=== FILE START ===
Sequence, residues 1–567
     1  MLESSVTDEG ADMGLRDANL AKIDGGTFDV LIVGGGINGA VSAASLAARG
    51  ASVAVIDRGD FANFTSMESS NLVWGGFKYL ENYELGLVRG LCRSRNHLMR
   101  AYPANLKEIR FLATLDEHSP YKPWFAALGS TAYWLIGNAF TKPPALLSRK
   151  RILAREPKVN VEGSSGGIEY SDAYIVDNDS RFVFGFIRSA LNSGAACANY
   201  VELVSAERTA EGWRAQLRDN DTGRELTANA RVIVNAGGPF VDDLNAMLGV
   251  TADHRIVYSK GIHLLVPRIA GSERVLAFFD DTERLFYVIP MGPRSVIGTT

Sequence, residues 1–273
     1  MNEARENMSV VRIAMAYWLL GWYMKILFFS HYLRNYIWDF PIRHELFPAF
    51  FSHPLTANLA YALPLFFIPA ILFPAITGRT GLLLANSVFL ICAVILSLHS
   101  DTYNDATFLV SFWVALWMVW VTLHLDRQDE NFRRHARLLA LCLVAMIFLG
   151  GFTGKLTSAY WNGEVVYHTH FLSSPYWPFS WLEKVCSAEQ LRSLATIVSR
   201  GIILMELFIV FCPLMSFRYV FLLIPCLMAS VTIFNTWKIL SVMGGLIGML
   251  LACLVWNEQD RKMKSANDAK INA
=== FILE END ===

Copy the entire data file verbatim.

Sequence, residues 1–567
     1  MLESSVTDEG ADMGLRDANL AKIDGGTFDV LIVGGGINGA VSAASLAARG
    51  ASVAVIDRGD FANFTSMESS NLVWGGFKYL ENYELGLVRG LCRSRNHLMR
   101  AYPANLKEIR FLATLDEHSP YKPWFAALGS TAYWLIGNAF TKPPALLSRK
   151  RILAREPKVN VEGSSGGIEY SDAYIVDNDS RFVFGFIRSA LNSGAACANY
   201  VELVSAERTA EGWRAQLRDN DTGRELTANA RVIVNAGGPF VDDLNAMLGV
   251  TADHRIVYSK GIHLLVPRIA GSERVLAFFD DTERLFYVIP MGPRSVIGTT

Sequence, residues 1–273
     1  MNEARENMSV VRIAMAYWLL GWYMKILFFS HYLRNYIWDF PIRHELFPAF
    51  FSHPLTANLA YALPLFFIPA ILFPAITGRT GLLLANSVFL ICAVILSLHS
   101  DTYNDATFLV SFWVALWMVW VTLHLDRQDE NFRRHARLLA LCLVAMIFLG
   151  GFTGKLTSAY WNGEVVYHTH FLSSPYWPFS WLEKVCSAEQ LRSLATIVSR
   201  GIILMELFIV FCPLMSFRYV FLLIPCLMAS VTIFNTWKIL SVMGGLIGML
   251  LACLVWNEQD RKMKSANDAK INA